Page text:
Coercion reflects the desire to satisfy one’s own needs at the expense of others. This may include the use of official authority, physical threats, majority rule, or disrespect for the demands of others. This form of conflict management usually results in hostility or resentment and is an extreme variant of the win-lose strategy. However, sometimes this approach is needed – in matters of health and safety, for example, or in times of crisis.
The reverse situation, accommodation, satisfies the needs of another person at the expense of the individual’s own needs, often to maintain friendships. It can work when the quality of the relationship is more important than other considerations. But it can also lead to certain complications: neglect of discipline, difficult decision-making, loss of respect and lower self-esteem – also a win-lose situation.
Avoidance of possible conflict is a typical reaction to confrontation, especially if the leader lacks self-confidence. It’s a classic “lose-lose” situation that creates emptiness and tension as problems go unresolved. This approach may be justified only if the issue is not important or time is severely limited.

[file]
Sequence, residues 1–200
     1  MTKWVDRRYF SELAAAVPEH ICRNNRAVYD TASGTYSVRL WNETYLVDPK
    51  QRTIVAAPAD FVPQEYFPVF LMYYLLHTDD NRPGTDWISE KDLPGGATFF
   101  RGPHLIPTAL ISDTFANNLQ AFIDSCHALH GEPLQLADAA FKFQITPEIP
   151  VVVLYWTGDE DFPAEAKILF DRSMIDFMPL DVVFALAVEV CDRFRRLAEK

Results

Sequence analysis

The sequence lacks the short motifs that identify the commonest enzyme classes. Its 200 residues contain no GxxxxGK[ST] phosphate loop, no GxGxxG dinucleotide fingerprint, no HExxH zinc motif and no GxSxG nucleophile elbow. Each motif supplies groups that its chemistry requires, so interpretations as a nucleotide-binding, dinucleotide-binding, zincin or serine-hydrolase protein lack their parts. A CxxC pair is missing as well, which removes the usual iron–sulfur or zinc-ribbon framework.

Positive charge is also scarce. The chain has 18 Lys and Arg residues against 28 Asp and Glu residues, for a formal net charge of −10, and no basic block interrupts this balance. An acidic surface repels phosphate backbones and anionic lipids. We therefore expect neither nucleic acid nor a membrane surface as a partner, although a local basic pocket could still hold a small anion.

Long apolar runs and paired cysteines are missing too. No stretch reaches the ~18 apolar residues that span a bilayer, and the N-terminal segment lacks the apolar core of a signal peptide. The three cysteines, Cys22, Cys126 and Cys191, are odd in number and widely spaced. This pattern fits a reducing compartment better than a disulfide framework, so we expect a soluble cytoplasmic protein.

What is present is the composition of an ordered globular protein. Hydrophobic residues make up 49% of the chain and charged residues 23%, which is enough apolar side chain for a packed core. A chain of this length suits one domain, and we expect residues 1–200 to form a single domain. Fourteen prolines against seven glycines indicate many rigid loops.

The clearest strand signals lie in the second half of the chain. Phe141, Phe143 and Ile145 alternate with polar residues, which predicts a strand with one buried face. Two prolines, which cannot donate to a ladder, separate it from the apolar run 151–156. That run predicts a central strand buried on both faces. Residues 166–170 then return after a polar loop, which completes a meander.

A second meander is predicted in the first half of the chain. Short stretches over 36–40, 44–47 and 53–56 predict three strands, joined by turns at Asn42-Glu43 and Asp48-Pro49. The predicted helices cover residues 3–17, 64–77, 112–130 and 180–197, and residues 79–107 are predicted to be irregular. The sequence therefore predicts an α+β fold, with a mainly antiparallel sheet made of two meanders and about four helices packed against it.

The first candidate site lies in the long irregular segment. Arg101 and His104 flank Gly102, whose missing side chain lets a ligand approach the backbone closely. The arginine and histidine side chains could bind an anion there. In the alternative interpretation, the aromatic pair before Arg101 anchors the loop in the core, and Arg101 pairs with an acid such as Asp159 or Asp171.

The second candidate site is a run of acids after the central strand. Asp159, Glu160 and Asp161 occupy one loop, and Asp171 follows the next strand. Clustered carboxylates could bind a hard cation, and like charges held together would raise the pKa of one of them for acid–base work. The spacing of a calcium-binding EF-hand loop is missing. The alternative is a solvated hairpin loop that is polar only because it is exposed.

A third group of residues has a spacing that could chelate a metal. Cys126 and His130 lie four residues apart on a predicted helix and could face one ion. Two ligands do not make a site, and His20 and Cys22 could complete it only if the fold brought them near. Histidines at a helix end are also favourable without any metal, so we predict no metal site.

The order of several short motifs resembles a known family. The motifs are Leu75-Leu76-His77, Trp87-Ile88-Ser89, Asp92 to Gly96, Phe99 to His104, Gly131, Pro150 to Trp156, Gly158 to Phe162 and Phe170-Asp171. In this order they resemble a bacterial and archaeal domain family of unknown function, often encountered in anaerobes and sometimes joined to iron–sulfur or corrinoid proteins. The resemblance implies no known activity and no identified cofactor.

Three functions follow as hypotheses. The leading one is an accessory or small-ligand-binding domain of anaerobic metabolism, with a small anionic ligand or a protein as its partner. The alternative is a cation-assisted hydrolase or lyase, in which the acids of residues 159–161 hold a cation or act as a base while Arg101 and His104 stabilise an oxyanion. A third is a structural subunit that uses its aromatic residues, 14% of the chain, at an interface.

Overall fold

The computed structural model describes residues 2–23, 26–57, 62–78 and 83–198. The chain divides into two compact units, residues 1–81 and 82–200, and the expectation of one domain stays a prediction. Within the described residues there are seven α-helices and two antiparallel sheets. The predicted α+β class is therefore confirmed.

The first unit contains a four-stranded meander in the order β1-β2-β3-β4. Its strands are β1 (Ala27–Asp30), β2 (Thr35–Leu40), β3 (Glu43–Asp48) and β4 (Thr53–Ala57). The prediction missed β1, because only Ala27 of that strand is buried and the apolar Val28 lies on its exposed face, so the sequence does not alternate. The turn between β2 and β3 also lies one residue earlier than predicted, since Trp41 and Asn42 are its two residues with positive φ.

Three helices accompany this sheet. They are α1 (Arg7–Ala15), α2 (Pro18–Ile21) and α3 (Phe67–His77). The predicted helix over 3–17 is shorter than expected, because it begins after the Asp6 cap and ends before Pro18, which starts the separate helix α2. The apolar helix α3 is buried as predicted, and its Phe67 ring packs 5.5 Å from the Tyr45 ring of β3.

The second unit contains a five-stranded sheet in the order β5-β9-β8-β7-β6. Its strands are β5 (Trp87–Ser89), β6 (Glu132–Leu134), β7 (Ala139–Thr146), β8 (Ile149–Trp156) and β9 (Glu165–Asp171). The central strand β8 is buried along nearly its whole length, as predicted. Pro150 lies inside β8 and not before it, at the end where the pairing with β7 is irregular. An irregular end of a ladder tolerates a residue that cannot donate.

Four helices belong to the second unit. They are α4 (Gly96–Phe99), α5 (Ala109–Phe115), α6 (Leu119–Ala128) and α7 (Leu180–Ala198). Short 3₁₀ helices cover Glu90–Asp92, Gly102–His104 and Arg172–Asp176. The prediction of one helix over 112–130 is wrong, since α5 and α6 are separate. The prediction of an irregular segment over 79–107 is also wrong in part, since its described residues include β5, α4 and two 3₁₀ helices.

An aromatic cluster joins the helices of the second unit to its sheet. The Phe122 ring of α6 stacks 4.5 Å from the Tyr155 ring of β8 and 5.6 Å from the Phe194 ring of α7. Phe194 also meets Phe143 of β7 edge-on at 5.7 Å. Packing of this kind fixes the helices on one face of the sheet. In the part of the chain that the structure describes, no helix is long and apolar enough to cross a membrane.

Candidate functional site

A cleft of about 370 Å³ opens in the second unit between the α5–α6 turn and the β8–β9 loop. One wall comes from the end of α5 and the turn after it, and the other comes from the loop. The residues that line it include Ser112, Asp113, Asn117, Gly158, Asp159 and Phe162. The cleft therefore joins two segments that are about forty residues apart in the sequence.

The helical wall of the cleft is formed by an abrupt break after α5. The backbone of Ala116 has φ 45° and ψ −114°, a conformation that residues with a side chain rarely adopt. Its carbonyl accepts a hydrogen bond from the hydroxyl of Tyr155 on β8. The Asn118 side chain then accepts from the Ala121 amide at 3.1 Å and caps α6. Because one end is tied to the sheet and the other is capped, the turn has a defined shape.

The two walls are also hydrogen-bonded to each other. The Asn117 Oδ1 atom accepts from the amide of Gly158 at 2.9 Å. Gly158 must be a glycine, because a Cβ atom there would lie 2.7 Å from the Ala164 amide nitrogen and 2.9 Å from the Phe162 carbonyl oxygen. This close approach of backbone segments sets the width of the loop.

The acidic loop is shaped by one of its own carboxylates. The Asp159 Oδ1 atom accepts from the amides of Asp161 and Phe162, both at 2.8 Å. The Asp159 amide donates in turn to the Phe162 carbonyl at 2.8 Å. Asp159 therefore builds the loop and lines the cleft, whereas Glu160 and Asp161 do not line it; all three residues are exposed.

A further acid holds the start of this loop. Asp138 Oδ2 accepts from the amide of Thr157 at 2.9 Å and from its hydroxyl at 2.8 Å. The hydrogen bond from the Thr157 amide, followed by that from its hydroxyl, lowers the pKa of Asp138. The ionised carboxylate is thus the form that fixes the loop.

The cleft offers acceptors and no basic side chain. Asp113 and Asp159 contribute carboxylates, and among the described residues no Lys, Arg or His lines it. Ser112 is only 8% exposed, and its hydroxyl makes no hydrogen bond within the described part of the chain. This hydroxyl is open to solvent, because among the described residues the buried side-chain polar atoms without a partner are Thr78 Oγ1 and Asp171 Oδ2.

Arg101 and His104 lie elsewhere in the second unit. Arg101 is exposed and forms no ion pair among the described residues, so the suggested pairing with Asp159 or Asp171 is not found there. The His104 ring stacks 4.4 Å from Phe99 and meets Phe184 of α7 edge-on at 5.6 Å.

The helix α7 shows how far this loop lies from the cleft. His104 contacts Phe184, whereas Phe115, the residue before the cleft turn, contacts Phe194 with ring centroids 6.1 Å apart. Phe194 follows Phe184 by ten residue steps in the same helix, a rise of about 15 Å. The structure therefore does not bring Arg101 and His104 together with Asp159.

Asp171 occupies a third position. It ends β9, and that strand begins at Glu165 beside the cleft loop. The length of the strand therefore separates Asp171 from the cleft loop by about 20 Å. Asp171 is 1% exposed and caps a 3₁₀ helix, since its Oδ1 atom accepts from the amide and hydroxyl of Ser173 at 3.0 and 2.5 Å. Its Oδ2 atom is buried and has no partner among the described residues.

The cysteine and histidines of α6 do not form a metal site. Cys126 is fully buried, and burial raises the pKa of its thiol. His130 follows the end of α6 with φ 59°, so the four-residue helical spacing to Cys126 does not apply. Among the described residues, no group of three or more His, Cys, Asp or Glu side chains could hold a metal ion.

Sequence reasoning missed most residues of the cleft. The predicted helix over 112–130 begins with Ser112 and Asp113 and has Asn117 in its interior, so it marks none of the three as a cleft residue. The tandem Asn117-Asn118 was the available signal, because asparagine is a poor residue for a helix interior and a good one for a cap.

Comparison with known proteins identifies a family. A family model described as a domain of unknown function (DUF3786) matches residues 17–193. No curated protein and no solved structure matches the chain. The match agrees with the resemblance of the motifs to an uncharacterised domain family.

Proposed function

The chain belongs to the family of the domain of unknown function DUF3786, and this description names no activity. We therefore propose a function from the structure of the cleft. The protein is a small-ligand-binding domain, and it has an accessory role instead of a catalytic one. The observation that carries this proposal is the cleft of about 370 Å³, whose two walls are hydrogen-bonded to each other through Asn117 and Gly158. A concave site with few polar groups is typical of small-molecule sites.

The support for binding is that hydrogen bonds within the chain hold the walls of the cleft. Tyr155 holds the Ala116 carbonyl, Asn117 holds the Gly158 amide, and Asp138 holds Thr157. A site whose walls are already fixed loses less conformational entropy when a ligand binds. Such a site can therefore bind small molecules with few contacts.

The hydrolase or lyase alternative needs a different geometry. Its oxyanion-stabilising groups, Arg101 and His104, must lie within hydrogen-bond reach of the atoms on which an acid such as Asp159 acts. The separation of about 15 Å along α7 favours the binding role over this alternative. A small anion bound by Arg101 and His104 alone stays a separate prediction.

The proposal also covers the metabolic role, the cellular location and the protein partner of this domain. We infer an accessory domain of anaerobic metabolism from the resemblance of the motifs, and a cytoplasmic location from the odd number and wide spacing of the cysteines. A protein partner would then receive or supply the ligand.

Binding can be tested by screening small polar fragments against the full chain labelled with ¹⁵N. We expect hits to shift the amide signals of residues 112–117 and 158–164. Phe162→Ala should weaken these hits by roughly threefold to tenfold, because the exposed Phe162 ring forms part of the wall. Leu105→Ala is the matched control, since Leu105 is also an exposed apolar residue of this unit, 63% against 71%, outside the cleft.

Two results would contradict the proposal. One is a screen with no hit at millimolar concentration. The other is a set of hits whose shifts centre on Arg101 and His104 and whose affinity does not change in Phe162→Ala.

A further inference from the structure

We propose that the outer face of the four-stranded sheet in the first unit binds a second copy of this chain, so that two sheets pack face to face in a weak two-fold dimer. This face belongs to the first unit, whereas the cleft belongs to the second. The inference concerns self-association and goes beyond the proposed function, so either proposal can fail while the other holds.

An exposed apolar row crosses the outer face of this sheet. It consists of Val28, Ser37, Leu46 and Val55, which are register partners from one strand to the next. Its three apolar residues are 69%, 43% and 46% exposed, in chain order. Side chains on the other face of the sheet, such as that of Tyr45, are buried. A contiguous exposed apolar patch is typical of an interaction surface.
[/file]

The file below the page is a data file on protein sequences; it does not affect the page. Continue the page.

Compromise – the desire to achieve partial satisfaction of both parties. Many managers prefer this strategy because it avoids the adverse effects of other approaches. The compromise strategy is especially useful in difficult situations or when there is time for negotiations and discussions.
The only win-win strategy is to collaborate to find solutions that are understandable and acceptable to all parties. The emphasis is on solving the problem, not on the person, blame, or wrongdoing. Such a strategy requires consideration of other people’s and one’s own interests; the strategy is applicable when there is time to create an atmosphere of cooperation.
Ways to deal with conflicts
Once you have identified the existence of a disagreement and understood the reason for its occurrence, you must decide what to do in this situation. Many factors will need to be taken into account, including the severity of the conflict, the time scale (whether the conflict can be quickly resolved), the ideal or preferred outcome, your strength and power, preferences, strengths and weaknesses. If the conflict is relatively trivial or if it is a “healthy” disagreement, you may well decide not to get involved. However, if there is a danger that the conflict will grow and become destructive, you will want to deal with it. You have three options to choose from: ignore, prevent or resolve the conflict.
Non-intervention is very common and successful. However, there is always a risk that the conflict will escalate into a destructive one; failure to intervene can worsen the situation.
Prevention. Your chances of preventing conflict will increase if you create an atmosphere in which people prefer the win-win solution. You can help this: